Hogg: Riverwalk sinkhole a ‘serious problem’
Taking the concrete steps down to the Riverwalk Park, one can gaze over the left-hand rail and see a gaping hole several feet deep with protruding wires and busted bricks that has only grown wider and deeper as heavy rain has pelted the area over the past several weeks – on Tuesday night, the Selma City Council voted unanimously to move ahead with a multi-phase plan to fill the hole and repair the staircase and light damaged by it.
According to Selma City Engineer Ray Hogg, the growing hole first popped up around eight months ago.
Hogg flew a drone into the hole in early January to take photos of areas that could not be seen from above.
“It’s really interesting,” Hogg said. “I’ve been doing engineering work in Selma for 40 years and I’ve never seen anything like this.”
Inside the hole, cutting back toward Water Avenue, is a circular brick drainage tunnel unlike others in the city, which generally had flat walls and bases but rounded tops.
At some point, the brick began to fail.
“That failure could have happened years ago but, because it was so deep, no one knew the problem was there,” Hogg said.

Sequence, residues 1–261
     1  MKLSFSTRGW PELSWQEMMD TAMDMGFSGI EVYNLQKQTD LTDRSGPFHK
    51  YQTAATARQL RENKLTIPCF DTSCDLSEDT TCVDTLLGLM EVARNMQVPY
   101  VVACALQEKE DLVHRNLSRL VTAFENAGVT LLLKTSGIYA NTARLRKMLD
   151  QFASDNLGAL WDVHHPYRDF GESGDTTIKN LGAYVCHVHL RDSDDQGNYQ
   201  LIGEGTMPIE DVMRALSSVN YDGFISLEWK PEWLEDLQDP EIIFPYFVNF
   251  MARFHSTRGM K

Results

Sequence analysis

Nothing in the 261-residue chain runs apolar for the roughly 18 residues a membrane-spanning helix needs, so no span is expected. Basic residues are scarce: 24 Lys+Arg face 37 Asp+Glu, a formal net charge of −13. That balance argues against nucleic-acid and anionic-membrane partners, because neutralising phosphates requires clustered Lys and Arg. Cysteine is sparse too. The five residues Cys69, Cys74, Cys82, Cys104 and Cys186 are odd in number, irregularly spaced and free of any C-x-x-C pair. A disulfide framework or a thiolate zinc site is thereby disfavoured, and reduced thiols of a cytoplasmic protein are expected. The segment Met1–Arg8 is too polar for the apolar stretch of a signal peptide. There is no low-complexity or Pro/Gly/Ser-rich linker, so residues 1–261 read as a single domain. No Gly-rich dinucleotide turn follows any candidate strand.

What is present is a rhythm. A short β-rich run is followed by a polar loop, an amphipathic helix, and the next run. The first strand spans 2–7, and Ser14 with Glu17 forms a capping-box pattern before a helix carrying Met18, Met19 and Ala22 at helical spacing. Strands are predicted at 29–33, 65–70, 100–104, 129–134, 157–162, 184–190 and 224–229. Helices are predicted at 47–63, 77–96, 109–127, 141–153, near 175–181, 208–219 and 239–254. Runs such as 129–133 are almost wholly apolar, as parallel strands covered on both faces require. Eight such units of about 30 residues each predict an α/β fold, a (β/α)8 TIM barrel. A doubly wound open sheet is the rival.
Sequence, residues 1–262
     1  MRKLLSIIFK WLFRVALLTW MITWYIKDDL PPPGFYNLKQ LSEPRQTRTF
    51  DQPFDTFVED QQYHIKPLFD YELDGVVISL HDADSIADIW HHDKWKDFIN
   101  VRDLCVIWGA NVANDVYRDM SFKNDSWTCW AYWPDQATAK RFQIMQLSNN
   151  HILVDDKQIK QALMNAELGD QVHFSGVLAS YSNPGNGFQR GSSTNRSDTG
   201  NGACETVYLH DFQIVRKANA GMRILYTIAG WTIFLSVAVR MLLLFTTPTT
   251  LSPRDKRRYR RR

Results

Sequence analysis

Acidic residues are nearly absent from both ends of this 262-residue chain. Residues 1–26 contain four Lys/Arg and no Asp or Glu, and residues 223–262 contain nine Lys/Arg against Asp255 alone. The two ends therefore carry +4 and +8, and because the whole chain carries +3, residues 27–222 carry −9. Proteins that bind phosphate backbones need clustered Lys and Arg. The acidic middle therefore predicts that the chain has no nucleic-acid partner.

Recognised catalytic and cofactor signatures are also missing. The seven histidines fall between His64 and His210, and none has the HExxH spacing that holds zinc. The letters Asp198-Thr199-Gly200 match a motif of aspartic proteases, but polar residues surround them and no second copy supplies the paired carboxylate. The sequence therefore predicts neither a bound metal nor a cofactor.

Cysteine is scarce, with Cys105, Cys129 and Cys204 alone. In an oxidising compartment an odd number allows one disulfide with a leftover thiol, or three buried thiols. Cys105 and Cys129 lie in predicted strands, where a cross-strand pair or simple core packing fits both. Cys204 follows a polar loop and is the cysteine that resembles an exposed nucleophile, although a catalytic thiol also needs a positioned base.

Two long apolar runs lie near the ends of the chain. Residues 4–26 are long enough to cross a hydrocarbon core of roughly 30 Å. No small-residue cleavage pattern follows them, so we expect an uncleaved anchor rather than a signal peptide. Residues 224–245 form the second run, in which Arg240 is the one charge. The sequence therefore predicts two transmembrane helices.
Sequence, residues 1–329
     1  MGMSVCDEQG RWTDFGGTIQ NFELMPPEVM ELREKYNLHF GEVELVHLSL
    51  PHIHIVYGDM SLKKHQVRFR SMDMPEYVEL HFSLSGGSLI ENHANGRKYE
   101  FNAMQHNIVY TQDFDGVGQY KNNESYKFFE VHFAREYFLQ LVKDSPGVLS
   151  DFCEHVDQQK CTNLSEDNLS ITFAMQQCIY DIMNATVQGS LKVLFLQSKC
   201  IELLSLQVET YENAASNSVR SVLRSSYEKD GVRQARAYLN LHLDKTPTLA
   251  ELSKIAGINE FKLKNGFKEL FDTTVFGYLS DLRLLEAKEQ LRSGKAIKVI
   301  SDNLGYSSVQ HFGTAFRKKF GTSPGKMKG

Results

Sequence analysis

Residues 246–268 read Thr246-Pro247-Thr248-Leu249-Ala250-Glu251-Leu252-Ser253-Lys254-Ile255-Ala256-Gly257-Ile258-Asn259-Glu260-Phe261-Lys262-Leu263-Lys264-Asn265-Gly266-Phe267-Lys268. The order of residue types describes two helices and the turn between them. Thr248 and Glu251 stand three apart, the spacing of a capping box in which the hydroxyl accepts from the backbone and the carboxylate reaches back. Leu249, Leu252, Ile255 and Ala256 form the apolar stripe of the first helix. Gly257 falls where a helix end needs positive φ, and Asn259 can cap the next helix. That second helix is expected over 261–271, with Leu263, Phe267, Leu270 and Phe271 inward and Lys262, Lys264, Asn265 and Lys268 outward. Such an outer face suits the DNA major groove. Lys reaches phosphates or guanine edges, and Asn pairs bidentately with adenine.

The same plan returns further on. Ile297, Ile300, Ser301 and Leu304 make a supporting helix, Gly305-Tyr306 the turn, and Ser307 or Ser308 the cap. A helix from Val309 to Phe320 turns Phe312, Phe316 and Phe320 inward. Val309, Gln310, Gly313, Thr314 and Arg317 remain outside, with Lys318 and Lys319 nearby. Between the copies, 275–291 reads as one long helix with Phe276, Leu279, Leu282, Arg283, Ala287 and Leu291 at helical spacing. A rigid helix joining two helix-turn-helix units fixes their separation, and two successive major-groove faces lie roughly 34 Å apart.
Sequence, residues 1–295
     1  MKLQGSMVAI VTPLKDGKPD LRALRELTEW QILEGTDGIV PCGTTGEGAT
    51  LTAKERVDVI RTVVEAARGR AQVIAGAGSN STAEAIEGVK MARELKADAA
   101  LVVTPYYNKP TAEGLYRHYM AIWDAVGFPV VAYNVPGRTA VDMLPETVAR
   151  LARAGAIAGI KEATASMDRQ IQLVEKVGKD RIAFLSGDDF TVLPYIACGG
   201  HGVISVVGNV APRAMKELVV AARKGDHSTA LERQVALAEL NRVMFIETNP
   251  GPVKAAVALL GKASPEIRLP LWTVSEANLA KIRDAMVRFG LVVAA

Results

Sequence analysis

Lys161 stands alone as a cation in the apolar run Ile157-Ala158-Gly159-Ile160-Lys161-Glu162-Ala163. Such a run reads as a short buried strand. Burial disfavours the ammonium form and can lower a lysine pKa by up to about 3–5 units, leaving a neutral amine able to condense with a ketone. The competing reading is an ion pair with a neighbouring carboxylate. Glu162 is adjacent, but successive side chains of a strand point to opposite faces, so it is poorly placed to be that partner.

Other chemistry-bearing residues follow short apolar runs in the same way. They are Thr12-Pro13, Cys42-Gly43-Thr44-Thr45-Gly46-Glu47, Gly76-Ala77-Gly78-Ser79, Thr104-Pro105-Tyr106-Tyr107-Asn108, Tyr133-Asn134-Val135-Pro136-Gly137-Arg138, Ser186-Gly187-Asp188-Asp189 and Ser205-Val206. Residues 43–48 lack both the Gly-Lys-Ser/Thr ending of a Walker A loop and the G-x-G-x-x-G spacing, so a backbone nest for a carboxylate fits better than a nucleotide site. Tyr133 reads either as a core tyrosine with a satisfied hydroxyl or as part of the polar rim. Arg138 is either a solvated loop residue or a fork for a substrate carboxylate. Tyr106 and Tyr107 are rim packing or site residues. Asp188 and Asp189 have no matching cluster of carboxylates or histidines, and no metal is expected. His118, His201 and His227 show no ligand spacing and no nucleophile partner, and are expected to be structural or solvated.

While his drone flight earlier this month showed a “much bigger” hole than Hogg explored six months prior, his most recent found no substantial change.
Still, Hogg noted that the hole will inevitably expand if nothing is done soon.
“If you continue to have rainfall, it will get bigger,” Hogg said. “It’s not getting any smaller – we know that’s not going to happen.”
During Tuesday’s meeting, Hogg estimate that the cost of filling the hole, replacing the staircase and two lights and installing fencing around the area would cost roughly $110,200.
“It could be less or it could be more, but I based it off of my best instinct in previous engineering work,” Hogg said.
The first phase, which will cost around $15,000, requires Hogg to develop plans for the work.
According to Selma City Treasurer Ronita Wade, that money will come from the City of Selma Planning and Development Department’s special projects account.
Wade said she plans to present the council with two options for covering the rest of the work at the next work session – the funds will likely be pulled from “other line items being under-utilized in the current budget.”
While there had been hope that the work could be done before the annual Bridge Crossing Jubilee, Hogg said that’s unlikely.
“I just really don’t see any way that’s possible,” Hogg said. “I don’t know that we’ll be turning dirt with shovels by then. There’s a lot of steps in the process on a project like this.”
After Hogg finishes the design, the construction work has to be advertised and bidded out before work can begin.
Overall, however, Hogg was happy to see the council take action on what he called “a serious problem.”
“Every council person that was there was willing to do a little bit to make sure this problem is corrected,” Hogg said. “There was unanimous consent on realizing that there is a problem and we’ve got to fix it.”
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